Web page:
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EU referendum: Rival parties join forces to step up the Remain campaign

By Yvette Shaprio

Published 21/06/2016

Breakfast briefing: Jim Nicholson
Breakfast briefing: Jim Nicholson
Breakfast briefing: Dr Alasdair McDonnell

They're partners in opposition at Stormont, now the SDLP and UUP have united to campaign for a Remain vote in the EU Referendum.

The South Belfast MP Dr Alasdair McDonnell joined newly-elected South Antrim MLA Steve Aiken and veteran MEP Jim Nicholson at a business breakfast to discuss the case for the UK staying in the European Union.

Dr McDonnell said that EU membership had opened up significant trading opportunities for companies in Great Britain and Northern Ireland and he was worried about the impact of a Brexit on the economy.

"The notion that Britain could strike new trade deals with European countries shortly after a Brexit vote is just insane," said the former SDLP leader.

"Negotiating these arrangements is a highly skilled job and I'm not convinced that we even have these skills in Whitehall.

"From a Northern Ireland perspective, I don't want to see checkpoints on the border or at our ports and airports and that's what would happen. If you don't have a hard border north-south, there will have to be one at the points of entry and that's equally disturbing.

"It will be bad for the sort of private sector growth that we're working hard to encourage in Northern Ireland. Two thirds of our exports go to EU countries and we must ensure that we have a channel to Europe without any barriers."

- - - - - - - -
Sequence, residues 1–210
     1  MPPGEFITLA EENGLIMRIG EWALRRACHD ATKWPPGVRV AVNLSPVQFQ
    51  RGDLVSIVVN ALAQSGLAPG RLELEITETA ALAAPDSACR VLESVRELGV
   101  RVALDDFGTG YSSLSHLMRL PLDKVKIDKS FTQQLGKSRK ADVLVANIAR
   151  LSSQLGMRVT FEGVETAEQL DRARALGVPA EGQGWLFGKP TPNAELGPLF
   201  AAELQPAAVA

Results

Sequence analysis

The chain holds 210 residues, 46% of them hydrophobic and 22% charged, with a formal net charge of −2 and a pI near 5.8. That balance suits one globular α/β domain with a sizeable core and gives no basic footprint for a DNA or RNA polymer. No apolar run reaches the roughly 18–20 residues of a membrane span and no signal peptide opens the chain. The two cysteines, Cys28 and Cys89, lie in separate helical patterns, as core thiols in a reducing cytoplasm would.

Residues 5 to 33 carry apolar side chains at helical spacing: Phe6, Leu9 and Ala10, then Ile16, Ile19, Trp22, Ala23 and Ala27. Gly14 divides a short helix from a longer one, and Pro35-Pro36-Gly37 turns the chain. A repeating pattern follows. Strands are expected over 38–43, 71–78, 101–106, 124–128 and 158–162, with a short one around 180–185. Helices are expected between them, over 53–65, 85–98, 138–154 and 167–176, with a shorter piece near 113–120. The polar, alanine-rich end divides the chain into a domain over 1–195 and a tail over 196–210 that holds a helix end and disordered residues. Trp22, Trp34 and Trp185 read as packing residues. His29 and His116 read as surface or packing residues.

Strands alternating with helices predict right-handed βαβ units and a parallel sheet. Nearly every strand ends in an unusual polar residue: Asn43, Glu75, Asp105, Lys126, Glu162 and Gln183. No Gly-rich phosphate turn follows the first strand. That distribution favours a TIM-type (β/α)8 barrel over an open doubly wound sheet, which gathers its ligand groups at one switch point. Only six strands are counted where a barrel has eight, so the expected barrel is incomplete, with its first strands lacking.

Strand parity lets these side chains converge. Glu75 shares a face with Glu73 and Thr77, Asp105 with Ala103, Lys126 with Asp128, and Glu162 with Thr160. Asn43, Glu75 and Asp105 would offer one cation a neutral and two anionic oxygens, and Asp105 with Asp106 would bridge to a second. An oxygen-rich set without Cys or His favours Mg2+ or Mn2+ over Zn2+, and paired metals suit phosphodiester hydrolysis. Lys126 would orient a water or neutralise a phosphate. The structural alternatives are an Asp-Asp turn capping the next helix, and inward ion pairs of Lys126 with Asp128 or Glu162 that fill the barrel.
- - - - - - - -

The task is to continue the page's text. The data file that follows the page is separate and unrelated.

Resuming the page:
Dr McDonnell said he was deeply concerned about how a Brexit might affect the peace process in Northern Ireland.

"Our safety and security would be threatened," he said. "The 1998 Good Friday Agreement brought us stability and I don't want to see violence returning. Dissidents of various hues and from both sides could try to take advantage of that."

The UUP's Steve Aiken, a former Royal Navy submarine commander, said that the dual EU membership of the UK and the Republic of Ireland had underpinned the peace process.

"A Brexit would change that and our mutual interests would diverge because the Republic will not be voting to leave the EU, despite what some people on the Leave side are claiming," he said.

"I believe a Brexit would trigger another Scottish referendum, and for us in Northern Ireland that would be nothing short of a catastrophe. It would have an impact on our sense of identity and would cause huge uncertainty. We need confidence in the future."

Mr Aiken, who's also a former chief executive of the British-Irish Chamber of Commerce, told the 80 guests at the breakfast in the Malone Lodge Hotel that a Brexit would create more problems for business than it would solve.

"Leaving the EU will not free us from trade regulations. We would still have to meet all of the EU's rules if we still want to export to the EU," he said.

"Those on the Leave side keep talking about opening up trade with nations outside of the EU, but our ability to crack China and India is limited and it will take until the middle of this century at least to build up a significant level of trade with those countries.

"If we vote for Brexit, we will manufacture our own recession."

Jim Nicholson, who's been an MEP for 27 years, said he believed that a Brexit would be a "disaster" and that instead, Britain should adopt a new attitude towards the EU.

"I want to see the UK leading in Europe. We must end this half-in, half-out approach," he said.

Belfast Telegraph

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